Many factors make up the complex, living breathing organism that is the United States economy. For some time, housing has been a downward force on the economy with prices plummeting, construction jobs drying up, and investors placing their money elsewhere. The numbers recently released by the S&P Case-Shiller index show that housing is now a positive force in our nation’s economic healing.
Data released on Tuesday, Jan. 29 showed home prices have risen 4.5 percent in the S&P Case-Shiller 10-City Composite index and 5.5 percent for the 20-City Composite for the 12 months ending November 2012. Boston posted a 2.3 percent increase year-over-year; the month-to-month seasonally adjusted change increased .1 percent. Nineteen of the 20 cities in the composite posted gains; New York was the lone city to post a loss of .3 percent.
I am confident that the housing recovery is here to stay and will prove to be a driving force in our overall economic recovery.
Punxsutawney Phil agrees, it is an early spring in the housing market. The typical lull from mid December to late February has been all but non-existent, as pent up buyer demand held over from the fall market has new inventory spending very little time on the market. Between Dec. 15, 2012 and Jan. 28, 2013 the average days on market has seen a 4.4 percent decrease in Middlesex County year-over-year. In Concord, the decrease is 22 percent year-over-year, Bedford a 67 percent decrease and Lincoln an 80 percent decrease.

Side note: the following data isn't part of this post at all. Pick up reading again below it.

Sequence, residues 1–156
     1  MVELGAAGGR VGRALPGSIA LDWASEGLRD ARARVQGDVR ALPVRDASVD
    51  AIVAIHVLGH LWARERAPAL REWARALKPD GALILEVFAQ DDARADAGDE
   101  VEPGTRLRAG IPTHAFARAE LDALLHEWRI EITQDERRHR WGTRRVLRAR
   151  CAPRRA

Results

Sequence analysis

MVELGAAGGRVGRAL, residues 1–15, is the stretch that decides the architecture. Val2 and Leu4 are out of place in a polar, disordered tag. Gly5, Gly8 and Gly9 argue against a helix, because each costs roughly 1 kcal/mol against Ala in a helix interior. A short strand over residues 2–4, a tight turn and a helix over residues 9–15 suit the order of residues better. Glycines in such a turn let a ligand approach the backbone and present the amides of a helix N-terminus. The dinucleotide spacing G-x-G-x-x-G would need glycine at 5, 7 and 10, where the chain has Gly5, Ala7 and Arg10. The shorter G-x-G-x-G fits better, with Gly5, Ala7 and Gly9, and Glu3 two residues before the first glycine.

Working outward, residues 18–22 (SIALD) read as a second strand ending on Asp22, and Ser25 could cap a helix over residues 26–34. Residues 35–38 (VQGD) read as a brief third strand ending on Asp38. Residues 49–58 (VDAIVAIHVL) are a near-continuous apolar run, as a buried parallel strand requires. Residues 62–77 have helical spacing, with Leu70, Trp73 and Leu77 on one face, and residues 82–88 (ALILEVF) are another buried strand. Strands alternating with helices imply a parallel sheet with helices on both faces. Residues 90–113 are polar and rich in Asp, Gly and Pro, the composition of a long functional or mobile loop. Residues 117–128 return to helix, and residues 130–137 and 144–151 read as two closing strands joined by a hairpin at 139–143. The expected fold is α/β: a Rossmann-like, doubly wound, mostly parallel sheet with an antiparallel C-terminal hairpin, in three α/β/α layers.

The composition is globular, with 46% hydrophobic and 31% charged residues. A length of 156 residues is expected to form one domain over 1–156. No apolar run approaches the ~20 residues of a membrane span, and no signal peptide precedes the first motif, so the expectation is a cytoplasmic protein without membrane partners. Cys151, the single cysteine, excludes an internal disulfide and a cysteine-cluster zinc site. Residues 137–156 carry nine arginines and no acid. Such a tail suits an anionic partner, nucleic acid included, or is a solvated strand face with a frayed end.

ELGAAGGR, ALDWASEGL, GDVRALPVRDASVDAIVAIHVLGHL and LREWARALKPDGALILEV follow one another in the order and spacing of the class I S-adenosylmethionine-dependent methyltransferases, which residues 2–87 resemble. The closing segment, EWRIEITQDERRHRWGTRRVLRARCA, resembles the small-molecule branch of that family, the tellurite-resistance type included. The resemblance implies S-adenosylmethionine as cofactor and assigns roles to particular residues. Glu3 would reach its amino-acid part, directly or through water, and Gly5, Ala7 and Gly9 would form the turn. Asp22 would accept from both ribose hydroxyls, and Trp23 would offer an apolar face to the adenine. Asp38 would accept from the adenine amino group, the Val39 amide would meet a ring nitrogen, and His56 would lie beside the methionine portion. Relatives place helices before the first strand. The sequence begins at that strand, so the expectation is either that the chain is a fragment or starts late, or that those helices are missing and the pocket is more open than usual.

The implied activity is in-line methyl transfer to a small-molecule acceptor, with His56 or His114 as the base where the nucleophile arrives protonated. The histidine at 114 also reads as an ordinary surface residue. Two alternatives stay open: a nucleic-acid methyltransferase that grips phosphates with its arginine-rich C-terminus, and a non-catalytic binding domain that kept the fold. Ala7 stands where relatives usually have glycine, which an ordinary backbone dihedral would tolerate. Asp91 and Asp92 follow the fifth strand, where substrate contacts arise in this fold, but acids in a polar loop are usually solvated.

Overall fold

The benefits to our local economy will not be just in the direct impact of spending on residential construction, or on things such as furnishings and fixtures. The benefits will also show up in state and local government spending, until recently one of the largest negatives during the recovery. Local government revenue is closely tied to property values through property taxes. The downturn in home values led to layoffs of municipal workers and others around the country.
On a macro level, the economy and the housing market share a symbiotic relationship, one cannot heal without the other. As the recovery in housing gains forward momentum, many sectors of the economy benefit exponentially, especially unemployment.